A: The glory of overload is getting right around targeting stuff by replacing the word "target" with "each." This is awesome when it lets Mizzium Mortars take out a hexproof creature. This is less awesome when you want to target all of your guys at once. With no targets at all, it can't trigger heroic abilities.

Q: My opponent brings an Emrakul, the Aeons Torn to Show and Tell and I bring an Ashen Rider. Can my Rider destroy Emrakul?

A: Both creatures enter simultaneously, and then your Rider's trigger is put onto the stack. The Rider isn't a spell, and its trigger isn't a spell, so Emrakul makes a little spaghetti-shaped frowny face and explodes into exile.

Q: Do tokens have a name?

A: Yes, but their parents aren't very creative. If a token is a copy of something, it copies its name. If an effect says the token has a specific name, it has that name. Otherwise, the token's name is just the creature types it was created with. Bitterblossom makes tokens named Faerie Rogue, and both Akroan Horse and Akroan Crusader make tokens named Soldier.

Q: How does True-Name Nemesis work with Concerted Effort?

A: You'll be able to give your creatures protection from the chosen player. The important thing to note is that True-Name Nemesis doesn't have two abilities ("choose a player" and "protection from the chosen player") - it has three abilities. One causes you to choose a player, one causes it to gain protection from a certain player, and the third is the actual protection ability granted by the second. The first and second abilities are linked abilities, meaning that the second needs to refer to the choice made by the first, but then the third ability just exists as granted. It might make it easier on your brain if you look at Voice of All, which works the same way but uses a more standard form of protection.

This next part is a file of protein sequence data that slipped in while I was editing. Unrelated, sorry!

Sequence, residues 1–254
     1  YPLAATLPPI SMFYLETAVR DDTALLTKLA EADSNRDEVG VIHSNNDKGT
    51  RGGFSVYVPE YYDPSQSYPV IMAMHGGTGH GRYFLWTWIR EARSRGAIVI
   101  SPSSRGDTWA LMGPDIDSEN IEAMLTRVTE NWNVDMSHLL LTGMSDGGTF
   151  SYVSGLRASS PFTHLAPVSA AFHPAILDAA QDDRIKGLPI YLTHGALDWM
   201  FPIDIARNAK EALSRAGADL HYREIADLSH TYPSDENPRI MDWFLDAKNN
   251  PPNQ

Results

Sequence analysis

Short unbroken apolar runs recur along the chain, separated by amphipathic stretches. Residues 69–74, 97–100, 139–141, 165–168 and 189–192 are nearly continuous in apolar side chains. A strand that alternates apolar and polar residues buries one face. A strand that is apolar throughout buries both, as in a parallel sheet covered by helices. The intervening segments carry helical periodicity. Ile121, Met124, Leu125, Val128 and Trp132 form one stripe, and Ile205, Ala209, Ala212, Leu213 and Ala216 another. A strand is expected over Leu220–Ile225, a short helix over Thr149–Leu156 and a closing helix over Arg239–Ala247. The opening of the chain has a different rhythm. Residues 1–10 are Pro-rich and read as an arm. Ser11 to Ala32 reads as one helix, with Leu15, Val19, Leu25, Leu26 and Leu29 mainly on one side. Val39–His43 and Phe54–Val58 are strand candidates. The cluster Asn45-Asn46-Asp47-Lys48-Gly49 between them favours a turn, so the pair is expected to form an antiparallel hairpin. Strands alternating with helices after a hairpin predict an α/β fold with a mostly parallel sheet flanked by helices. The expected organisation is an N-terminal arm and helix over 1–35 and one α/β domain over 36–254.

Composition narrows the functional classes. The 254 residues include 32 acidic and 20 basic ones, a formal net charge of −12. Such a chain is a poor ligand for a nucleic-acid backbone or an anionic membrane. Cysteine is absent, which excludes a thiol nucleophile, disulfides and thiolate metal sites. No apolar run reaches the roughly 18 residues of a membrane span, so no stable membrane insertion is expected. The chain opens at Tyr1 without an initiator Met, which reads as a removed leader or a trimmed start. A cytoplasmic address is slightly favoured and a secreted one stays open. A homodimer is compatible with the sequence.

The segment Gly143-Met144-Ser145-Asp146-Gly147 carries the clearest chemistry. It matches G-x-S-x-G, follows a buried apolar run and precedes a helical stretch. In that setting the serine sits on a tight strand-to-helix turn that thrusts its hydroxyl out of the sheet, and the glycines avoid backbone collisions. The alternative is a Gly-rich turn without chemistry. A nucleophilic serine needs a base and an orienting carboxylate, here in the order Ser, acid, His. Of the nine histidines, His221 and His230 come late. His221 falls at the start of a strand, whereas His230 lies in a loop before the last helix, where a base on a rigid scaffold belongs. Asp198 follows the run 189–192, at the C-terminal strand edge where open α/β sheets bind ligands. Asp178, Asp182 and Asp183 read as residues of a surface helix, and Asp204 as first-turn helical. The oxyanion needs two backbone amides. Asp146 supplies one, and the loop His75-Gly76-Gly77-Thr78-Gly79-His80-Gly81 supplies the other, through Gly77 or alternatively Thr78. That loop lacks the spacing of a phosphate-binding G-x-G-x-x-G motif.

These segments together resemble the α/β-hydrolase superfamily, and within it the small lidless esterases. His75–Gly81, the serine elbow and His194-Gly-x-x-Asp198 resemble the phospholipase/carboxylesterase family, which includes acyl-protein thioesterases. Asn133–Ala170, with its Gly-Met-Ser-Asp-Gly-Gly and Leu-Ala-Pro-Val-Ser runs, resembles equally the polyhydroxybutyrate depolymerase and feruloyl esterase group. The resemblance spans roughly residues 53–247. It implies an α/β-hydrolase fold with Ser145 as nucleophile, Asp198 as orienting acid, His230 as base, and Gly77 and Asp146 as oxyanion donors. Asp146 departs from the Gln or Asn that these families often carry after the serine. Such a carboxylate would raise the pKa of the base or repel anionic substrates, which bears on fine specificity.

Q: When I Tooth and Nail out Blightsteel Colossus and Darksteel Colossus, can I equip Lightning Greaves to one and then to the other to clear summoning sickness so I can attack with both?

A: Summoning sickness isn't an actual thing that's gained or lost. It's a casual way to refer to a rule: "A permanent that is currently a creature and has not been under its controller's control continuously since that player's most recent turn began can't attack or pay or ." Haste means to ignore that rule. As you go to the declare attackers step and are prompted to pick your attackers, only one of those creatures will have haste, and the other will be affected by that rule.

Q: What profane game state do I get when I Rite of Replication Purphoros, God of the Forge?